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Retirement Planning > Saving for Retirement

Watch for RPS symptoms

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You may not have heard it described this way before, but here is something else to look out for among your clients and prospects: retirement postponement syndrome. What are the symptoms? Which conditions put your clients at greatest risk of suffering this financial malady? Based on their experience in dealing with hundreds of clients, the experts at the financial advisory firms that make up the Zero Alpha Group have identified the following five key warning signs of RPS:

  1. Banking on unsure things. If clients are counting on the sale of their home or small business to bail out underfunded retirement savings and investments, they should think again. Home prices can be mercurial, and a home may sit on the market for months. Small-business owners who rely heavily on selling their firm at a handsome profit or making a smooth transition via a family succession take a big chance on coming up short on their retirement nest egg.
  2. Falling into the T.R.A.P. Many baby boomers had children later in life than their parents, and others started a second family after 40. These circumstances can put even the most diligent saver and investor in the T.R.A.P.: tuition, retirement and (related) problems. Boomers in their 50s and early 60s with children heading to college risk seeing retirement savings substantially depleted at the worst possible time.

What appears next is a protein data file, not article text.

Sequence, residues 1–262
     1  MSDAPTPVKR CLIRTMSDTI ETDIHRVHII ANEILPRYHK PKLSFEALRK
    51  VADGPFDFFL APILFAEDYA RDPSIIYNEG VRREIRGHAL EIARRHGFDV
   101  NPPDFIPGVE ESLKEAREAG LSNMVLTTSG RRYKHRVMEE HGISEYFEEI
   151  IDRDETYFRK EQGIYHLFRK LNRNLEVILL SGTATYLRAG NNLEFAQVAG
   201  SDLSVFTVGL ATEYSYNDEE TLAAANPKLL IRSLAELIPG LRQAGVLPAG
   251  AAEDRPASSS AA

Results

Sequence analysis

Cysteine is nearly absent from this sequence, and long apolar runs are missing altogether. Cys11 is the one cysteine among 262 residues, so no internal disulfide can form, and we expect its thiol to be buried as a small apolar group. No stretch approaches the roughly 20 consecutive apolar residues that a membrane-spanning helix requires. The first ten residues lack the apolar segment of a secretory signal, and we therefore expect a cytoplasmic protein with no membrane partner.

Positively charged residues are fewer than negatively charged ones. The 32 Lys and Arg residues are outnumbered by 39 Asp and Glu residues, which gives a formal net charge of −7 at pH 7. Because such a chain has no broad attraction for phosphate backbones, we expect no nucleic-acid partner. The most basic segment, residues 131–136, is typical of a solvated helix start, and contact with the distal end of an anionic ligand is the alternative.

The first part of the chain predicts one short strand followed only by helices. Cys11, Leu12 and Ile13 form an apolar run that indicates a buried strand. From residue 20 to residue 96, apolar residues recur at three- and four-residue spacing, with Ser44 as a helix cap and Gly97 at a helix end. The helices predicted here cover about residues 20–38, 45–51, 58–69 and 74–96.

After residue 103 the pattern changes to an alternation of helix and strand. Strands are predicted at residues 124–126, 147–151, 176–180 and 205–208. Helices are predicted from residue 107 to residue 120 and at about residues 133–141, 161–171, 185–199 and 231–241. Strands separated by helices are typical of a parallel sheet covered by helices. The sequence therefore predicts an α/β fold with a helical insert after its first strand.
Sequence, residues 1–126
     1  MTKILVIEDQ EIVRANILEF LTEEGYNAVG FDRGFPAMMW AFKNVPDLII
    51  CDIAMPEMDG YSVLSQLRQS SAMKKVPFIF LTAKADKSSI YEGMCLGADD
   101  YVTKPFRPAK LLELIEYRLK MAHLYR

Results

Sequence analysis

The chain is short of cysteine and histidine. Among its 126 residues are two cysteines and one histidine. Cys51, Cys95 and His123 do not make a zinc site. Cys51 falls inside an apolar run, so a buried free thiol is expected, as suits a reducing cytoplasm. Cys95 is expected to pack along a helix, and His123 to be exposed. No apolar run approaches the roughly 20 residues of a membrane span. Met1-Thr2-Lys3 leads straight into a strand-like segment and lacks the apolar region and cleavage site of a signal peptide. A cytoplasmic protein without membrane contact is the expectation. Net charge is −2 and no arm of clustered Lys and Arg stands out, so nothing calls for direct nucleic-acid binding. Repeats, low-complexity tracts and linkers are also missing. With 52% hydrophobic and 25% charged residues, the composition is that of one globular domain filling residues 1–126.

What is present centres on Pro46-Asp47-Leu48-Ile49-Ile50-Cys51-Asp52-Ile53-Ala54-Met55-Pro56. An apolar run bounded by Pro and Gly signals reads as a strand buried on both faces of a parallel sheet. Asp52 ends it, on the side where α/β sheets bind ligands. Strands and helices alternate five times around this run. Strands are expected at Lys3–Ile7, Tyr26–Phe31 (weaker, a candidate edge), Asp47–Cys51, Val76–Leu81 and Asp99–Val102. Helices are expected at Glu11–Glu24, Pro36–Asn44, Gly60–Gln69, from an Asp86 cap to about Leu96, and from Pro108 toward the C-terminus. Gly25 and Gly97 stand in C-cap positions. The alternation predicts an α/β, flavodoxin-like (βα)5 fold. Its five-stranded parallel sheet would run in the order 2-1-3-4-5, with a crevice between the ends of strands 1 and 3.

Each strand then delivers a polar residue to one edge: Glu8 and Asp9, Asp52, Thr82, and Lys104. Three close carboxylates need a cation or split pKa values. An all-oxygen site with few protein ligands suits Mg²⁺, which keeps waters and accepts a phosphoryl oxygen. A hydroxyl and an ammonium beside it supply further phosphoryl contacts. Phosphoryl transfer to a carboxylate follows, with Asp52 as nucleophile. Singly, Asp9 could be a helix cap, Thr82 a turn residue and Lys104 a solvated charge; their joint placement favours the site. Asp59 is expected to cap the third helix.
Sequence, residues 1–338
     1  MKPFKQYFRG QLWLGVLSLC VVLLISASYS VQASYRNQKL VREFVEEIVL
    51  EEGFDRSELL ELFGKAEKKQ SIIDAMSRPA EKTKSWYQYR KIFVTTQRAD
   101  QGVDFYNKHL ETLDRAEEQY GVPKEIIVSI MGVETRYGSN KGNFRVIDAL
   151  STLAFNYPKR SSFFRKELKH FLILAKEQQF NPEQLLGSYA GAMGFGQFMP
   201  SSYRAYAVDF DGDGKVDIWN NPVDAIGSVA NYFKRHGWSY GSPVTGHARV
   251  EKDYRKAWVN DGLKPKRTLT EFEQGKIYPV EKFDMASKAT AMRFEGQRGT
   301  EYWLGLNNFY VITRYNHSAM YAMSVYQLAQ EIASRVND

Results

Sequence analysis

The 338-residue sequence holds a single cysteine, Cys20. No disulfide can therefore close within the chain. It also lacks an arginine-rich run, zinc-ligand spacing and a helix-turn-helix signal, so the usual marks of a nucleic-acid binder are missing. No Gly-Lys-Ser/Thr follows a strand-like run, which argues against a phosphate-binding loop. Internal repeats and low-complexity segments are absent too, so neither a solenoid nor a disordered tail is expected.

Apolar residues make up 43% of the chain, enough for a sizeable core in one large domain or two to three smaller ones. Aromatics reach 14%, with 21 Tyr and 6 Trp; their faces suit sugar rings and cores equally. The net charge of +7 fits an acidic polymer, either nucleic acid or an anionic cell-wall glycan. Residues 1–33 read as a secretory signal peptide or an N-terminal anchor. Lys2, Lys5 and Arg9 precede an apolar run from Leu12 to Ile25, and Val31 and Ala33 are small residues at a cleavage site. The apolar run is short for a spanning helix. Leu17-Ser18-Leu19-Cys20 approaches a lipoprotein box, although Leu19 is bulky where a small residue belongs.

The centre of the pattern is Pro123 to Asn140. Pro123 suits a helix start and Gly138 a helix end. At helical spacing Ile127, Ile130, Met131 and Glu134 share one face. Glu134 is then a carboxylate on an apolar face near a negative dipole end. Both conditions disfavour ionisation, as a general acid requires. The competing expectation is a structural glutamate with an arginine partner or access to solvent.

3. Counting on an “econo” retirement. If clients’ retirement plans are predicated on the notion their living expenses will go down, they could be making a classic mistake.
  4. Ignoring the “sandwich.” More baby boomers are finding themselves saddled with medical and housing expenses for aging parents. Investors in such a situation are said to be in the “sandwich generation,” particularly when they are also confronted with paying for college or other expenses of one or more children.
  5. Living in their own reality show. All too many parents with children returning to live at home after college or never leaving home in the first place end up saddled with their own reality show-like headaches. More than 25 percent of Americans ages 18-34 live at home with their parents, according to U.S. Census figures.

Even smart people who know what it takes to build a solid nest egg can fall prey to one or all of these symptoms of retirement postponement syndrome. Be ready to help your clients. For more information, visit